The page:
Judge Adams accepted the untimely-hearing plight of California?s lifers as a state-wide habeas corpus class action in In Re Rutherford.
Originally, in 2001, this writer had assisted Jerry Rutherford in his habeas petition protesting that his overdue hearing was long past the statutory limit of two years. After giving him a belated hearing (parole denied), the Board was again way late for his subsequent hearing. Upon Rutherford?s renewed complaint, Judge Adams re-opened the case and appointed the Prison Law Office (PLO) as class counsel.
On February 15, 2006, the court defined the class as ?all prisoners serving indeterminate terms of life with the possibility of parole, and who have approached or exceeded their MEPDs [minimum eligible parole date] without receiving their parole hearings within the time required by Penal Code §§ 3041 and 3041.5.? Reviewing the evidence, ?the court found] inescapable the conclusion that Respondents are failing to furnish timely parole eligibility hearings ... and that the backlog is increasing at an alarming rate.? Retaining jurisdiction, the court ordered the parties to enter into a stipulation to resolve the problem, and awarded the PLO attorney fees.
On March 23, 2006, the court approved stipulated procedures outlined in a Remedial Plan which included 90-day reports on reduction of the hearing backlog. This process would continue until the backlog was less than five percent and remained so continuously for twelve months -- to be achieved within 18 months.
On May 5, 2006, not satisfied with progress and disturbed by new reports of a rash of multi-year denials, the court ordered, inter alia, that ?[respondents] may not deny further parole consideration for more than one year in the case of prisoners who have formerly been denied for one year, in the absence of a significant change in circumstances, which must be stated on the record.? The court also ordered the Board to stop coercing lifers into off-the-record ?deals? to forgo hearings (i.e., waive their rights) to gain the ?benefit? of a shorter denial, rather than assuredly be given a longer denial if they entered the hearing room. Judge Adams bluntly called this Board practice ?illegal and certainly immoral.?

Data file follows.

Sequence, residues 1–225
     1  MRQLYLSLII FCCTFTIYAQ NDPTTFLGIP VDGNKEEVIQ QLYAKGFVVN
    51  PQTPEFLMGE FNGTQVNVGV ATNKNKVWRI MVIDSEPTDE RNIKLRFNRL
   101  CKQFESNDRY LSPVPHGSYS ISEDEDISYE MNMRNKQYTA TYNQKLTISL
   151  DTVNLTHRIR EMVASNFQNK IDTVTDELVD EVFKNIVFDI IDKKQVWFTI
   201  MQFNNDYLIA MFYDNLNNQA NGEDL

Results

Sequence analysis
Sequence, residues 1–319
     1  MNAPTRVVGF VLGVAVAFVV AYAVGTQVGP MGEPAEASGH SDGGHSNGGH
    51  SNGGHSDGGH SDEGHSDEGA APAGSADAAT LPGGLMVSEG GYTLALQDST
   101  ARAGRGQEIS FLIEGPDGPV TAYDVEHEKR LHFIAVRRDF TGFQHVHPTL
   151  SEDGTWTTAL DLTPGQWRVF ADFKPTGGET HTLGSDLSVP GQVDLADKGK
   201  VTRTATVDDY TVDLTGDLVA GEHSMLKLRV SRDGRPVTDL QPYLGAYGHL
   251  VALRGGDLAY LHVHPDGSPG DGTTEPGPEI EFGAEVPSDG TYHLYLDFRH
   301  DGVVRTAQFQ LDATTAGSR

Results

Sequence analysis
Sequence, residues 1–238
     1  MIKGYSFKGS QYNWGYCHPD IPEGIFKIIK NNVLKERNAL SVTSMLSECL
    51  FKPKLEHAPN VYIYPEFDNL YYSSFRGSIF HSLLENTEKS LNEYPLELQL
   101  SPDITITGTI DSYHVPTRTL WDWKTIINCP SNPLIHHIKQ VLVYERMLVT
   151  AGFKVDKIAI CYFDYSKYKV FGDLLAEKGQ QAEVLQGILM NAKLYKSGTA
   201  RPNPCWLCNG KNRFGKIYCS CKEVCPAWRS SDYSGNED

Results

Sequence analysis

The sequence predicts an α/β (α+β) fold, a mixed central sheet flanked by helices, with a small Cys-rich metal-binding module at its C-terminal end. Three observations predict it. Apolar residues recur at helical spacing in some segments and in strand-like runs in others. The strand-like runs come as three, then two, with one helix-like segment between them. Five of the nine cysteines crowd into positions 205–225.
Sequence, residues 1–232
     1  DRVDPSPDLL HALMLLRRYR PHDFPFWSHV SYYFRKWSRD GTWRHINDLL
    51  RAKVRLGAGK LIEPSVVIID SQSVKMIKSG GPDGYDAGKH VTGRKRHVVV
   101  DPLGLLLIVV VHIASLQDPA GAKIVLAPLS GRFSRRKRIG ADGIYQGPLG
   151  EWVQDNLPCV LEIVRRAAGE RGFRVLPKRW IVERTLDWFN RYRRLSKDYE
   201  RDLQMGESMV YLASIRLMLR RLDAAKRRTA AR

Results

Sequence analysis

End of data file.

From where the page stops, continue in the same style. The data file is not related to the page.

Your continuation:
While the Board agreed to the long-term reduction of its hearing backlog, it rejected and appealed the order to not give out multi-year denials following either a previous grant of parole or a one-year denial, absent new cause. Lifers have lately reported suffering two-year denials following prior grants of parole, and even longer denials following one-year denials -- all absent new cause. Showing judicial restraint, Judge Adams termed this practice ?baffling.? The court cited a 1994 statute that required the Board to promulgate regulations setting forth criteria for such multi-year denials, lamenting, ?They haven?t done that and 12 years have elapsed.? An appellate ruling favoring the class would seriously crunch the ?breathing room? the Board has created by this illicit practice.
Class counsel Keith Wattley of the PLO asked the court in August 2006 to put a stop to the Board?s plan to hire 17 forensic psychologists to conduct lifer psychological exams beginning October 1, 2006. When Wattley pointed out that this personnel switch would necessarily cause hearing postponements due to delays in preparing psychological reports, the court put a stop to it. Additionally, the court is considering a request to order a survey to find out how many prisoners have been impacted by the unlawful ?take-a-deal? hearing postponement tactic. In August 2006, Wattley announced that he will be leaving the PLO to go into private practice, but that the PLO will continue to represent the class.
On a sad note, our brother Jerry Rutherford passed away recently from Hepatitis-C. The class action has been recaptioned In re Lugo, but retains the same case number. See: In re Lugo, Marin Superior Court No. SC135399A.
Other source: Sacramento Bee.
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Related legal case
In re Lugo
|Cite||Marin Superior Court No. SC135399A|
|Level||State Trial Court|